This site uses cookies. By continuing to browse the site you are agreeing to our use of cookies.Find out more here


To discuss how you and your organisation can get more involved with The Work Foundation, please contact us.

Call 020 7976 3575 or email


Louise Aston
Wellbeing Director
Louise Aston

How you can help end the culture of silence on mental health at work

Authors: Louise Aston

22 June 2016

Mental wellbeing at work is increasingly a hot topic. We know that one in four people in the UK will experience a mental health problem in their lifetime, whilst one in six employees will be suffering from a mental health condition at any one time. With stress accounting for 43% of all working days lost due to ill health and for 34% of all work related ill health cases, employees’ mental wellbeing can have a significant impact on productivity – and on organisations’ bottom lines.

However, there is still a stigma surrounding mental health at work, with many people feeling reluctant to discuss it due to fear of being judged or treated differently. A huge 95% of employees who experienced workplace stress cited a different reason for their absence, whilst only a third of employees have received any support to manage workplace stress.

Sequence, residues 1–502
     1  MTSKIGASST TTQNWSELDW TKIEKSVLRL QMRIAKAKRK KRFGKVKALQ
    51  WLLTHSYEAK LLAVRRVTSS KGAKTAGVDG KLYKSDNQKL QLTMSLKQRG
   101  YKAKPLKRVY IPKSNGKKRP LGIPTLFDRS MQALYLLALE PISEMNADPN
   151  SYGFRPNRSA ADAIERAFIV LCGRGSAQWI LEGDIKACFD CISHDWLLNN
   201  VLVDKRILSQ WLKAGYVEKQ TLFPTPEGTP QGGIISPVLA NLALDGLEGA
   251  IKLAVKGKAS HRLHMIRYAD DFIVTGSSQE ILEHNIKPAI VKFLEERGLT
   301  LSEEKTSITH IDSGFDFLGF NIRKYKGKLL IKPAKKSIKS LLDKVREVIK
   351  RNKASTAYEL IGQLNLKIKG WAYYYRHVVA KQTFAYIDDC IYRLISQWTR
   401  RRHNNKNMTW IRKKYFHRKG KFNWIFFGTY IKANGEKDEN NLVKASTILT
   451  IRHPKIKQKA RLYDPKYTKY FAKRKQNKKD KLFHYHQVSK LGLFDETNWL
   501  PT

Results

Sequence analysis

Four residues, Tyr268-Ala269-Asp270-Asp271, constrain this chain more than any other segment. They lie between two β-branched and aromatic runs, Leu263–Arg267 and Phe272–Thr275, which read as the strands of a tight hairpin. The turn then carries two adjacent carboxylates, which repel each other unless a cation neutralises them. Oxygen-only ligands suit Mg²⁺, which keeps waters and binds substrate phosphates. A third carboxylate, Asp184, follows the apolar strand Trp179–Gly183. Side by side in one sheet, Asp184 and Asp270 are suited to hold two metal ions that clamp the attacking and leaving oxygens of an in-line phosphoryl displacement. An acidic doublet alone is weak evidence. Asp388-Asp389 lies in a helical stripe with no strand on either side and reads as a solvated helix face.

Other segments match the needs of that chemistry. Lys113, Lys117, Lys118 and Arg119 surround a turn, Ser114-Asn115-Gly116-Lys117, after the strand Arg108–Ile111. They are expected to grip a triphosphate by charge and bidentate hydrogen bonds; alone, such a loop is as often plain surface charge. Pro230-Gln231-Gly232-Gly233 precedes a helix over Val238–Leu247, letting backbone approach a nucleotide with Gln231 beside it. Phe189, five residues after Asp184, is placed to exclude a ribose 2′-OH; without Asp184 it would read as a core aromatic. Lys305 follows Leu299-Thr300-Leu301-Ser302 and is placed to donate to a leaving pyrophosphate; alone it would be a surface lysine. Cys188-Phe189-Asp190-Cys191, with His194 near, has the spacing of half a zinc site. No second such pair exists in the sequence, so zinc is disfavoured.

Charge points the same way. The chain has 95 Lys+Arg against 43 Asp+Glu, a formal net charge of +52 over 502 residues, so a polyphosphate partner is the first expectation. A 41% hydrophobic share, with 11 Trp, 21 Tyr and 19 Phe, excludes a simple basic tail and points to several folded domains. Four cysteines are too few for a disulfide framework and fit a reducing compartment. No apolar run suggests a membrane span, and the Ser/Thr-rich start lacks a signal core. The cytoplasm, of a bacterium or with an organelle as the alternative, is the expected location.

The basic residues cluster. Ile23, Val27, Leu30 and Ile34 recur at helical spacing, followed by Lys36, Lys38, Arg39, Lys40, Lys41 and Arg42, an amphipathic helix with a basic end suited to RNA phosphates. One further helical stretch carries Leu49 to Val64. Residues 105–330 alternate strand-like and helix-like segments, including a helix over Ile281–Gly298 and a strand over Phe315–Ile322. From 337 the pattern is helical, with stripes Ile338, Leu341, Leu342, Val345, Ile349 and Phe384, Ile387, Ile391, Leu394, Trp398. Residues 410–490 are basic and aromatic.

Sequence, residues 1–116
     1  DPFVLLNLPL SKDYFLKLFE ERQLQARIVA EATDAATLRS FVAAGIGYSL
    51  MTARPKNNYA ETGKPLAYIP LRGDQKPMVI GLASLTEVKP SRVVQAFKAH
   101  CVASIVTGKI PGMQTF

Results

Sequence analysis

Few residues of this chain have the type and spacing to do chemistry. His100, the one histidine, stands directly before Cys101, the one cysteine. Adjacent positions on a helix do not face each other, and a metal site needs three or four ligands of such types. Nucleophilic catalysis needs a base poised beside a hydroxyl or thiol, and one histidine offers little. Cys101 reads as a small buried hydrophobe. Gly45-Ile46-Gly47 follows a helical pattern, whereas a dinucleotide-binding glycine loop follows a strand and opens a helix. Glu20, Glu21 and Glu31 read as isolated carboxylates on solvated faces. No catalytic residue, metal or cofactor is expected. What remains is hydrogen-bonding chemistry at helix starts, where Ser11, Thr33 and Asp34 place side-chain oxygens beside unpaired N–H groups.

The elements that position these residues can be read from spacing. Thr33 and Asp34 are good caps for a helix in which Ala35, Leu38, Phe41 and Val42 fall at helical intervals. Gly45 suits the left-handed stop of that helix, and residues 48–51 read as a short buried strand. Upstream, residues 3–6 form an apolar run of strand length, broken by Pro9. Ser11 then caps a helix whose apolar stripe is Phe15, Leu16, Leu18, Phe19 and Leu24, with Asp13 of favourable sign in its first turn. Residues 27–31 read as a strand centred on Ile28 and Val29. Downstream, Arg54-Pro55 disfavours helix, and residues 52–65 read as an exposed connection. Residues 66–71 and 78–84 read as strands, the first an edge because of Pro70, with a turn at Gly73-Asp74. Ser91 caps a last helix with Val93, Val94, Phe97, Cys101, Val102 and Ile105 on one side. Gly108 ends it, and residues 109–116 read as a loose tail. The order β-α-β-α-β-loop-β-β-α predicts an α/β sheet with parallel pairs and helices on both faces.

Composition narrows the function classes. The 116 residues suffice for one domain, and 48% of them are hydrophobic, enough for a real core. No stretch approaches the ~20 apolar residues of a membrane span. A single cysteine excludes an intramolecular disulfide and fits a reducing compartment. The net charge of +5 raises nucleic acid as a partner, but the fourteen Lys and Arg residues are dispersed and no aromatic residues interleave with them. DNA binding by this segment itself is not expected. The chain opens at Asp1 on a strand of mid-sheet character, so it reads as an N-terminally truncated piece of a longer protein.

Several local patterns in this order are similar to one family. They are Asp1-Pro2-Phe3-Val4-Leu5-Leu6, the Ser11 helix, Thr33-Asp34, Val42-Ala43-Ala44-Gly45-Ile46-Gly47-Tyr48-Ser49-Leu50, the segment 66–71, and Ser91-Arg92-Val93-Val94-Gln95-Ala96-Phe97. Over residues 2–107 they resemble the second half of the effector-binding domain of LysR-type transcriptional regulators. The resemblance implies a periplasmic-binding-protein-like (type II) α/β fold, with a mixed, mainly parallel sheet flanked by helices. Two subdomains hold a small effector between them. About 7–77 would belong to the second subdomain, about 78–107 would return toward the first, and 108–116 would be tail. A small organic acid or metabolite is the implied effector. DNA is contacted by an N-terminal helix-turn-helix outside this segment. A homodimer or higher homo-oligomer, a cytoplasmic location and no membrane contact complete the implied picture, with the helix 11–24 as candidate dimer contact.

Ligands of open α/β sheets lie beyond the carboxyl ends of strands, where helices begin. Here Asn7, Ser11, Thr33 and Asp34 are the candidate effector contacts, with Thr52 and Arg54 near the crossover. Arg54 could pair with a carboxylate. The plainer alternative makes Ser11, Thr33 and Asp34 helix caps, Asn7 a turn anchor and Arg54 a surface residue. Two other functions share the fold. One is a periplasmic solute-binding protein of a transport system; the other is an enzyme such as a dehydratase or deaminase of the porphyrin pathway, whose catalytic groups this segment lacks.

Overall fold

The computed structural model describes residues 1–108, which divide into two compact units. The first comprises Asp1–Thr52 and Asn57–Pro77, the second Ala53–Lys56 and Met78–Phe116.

Given how common mental health issues are in society and in the workplace, it is vital that employees feel comfortable to talk about the issue with their line manager, and that line managers have a core understanding of the topic and feel able to act confidently as the first point of support for their team. That’s why Business in the Community is undertaking the National Employee Mental Wellbeing Survey, the UK’s biggest ever survey of mental wellbeing at work. 

The survey aims to gain a complete snapshot of the mental wellbeing of the UK workforce through listening to employees’ experiences of mental wellbeing at work, what employers are doing and what employees think needs to change. Business in the Community will use the findings to work with employers and help improve employee mental wellbeing.
Over 7,500 people have shared their experiences so far – now we need you to help us triple that by adding your voice to theirs.

There is an endemic culture of silence surrounding mental health in the workplace, but this has to change if we are going to make talking about it ‘business as usual’ and put discussing mental health on a par with discussing physical health with your colleagues or manager. But we can’t do it without you. By sharing your experiences, you can help us and employers across the country to identify good practice and create workplaces that work for everyone.

The free and confidential survey is open to all employees working in every sector and at every level, and will run until 29th July 2016. To take part please visit the website: